There is still one hurdle that remains on the brothers' spiritual journey, though they are themselves unaware of it until the moment presents itself. They leave their mothers' convent the next day after she mysteriously disappears, which they are told she is known to do from time to time. They get to the train station just as their train is departing, and in one of the great liberating moments of modern cinema, they dispense with their luggage in order to make the train on time. Again, this may be somewhat obvious symbolism, but it's also extremely rich symbolism; not only are they dispensing with their father's baggage, but with their mother's, their own, dispensing of their pettiness and materialism and vindictiveness and simply living life. They are now truly family because they are now truly people. In The Darjeeling Limited, trains - collections of humans, where each person is interesting and beautiful and on their own unique path - are symbols of life, and after such a profound and metaphysical spiritual journey, Wes Anderson makes us all want to get on board. Great movie.

Thursday, October 14, 2010

Bloggin' Spielberg

My friend and partner in crime Adam Zanzie and I would like to take this opportunity to announce a little pet project of ours: we'll be hosting a Steven Spielberg blogathon come December. December 18th, to be exact. It will run a full ten days, so that means it ends the 28th, for the mathematically challenged among us (I used a calculator). Anyone and everyone can participate, just please send myself and Adam (or just one of us, if you're lazy) the links to your work when it's published, and I will link to them here as well as on a blog I created specifically for the blogathon (click picture for link).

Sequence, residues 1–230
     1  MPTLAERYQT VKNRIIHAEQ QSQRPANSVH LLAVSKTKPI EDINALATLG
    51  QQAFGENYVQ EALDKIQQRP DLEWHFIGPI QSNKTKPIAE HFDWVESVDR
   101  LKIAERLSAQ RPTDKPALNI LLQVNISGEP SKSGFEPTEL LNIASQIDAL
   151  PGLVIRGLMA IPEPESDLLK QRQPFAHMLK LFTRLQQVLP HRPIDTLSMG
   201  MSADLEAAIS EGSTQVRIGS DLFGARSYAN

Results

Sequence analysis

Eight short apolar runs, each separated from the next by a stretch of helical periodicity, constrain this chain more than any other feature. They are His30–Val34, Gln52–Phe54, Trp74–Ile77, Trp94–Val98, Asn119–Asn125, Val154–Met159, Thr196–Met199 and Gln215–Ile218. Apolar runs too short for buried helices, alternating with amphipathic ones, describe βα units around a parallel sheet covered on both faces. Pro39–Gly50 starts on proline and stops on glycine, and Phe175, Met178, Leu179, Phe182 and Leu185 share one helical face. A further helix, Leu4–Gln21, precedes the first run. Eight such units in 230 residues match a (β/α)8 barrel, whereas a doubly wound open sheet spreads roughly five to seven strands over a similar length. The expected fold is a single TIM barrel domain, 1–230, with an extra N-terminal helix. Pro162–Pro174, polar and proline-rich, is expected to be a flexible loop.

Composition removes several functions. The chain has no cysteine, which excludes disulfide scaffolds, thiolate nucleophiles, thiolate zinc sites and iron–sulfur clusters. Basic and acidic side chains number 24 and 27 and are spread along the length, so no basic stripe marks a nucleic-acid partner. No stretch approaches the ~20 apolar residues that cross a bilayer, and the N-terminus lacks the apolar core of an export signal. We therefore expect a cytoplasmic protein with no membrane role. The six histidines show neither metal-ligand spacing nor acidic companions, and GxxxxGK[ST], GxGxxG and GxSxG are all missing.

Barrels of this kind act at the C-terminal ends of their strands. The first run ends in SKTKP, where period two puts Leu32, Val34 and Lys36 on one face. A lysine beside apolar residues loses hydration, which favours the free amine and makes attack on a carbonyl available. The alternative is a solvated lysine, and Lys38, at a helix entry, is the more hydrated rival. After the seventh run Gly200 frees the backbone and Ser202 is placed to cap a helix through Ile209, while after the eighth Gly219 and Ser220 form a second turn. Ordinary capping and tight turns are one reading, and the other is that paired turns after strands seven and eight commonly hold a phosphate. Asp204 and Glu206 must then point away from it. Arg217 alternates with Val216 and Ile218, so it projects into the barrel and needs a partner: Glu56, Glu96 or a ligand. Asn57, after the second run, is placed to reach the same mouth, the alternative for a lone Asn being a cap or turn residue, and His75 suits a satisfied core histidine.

Also on the blog you will find banners for the blogathon. If you could place them on your own site, I would greatly appreciate it.

Adam Zanzie's email:

My email:

Thanks in advance, everybody.

Sunday, October 10, 2010

Kids Today: The Social Network

Two artistic styles that, separate from one another, I've found obnoxious in the past - David Fincher, who found profundity in the grotesque and banal before becoming an Oscar-baiting softy and Aaron Sorkin, best known as a smartass writer of trite melodramas on the big and small screen - form an effective synthesis in The Social Network, aka "The Facebook Movie" (even though "The Mark Zuckerberg Movie" is more accurate and less reductive, but anyway). It's not that their temperaments compliment each other so much as they cancel each other out - Fincher's ice cold detachment effectively counterbalances Sorkin's hacky, show off writing style, while Sorkin supplies Fincher's stoic seriousness with a sense of life and energy. In tandem they've created perhaps the best "Give me an Oscar!" movie in a while, though that's admittedly a bit of faint praise.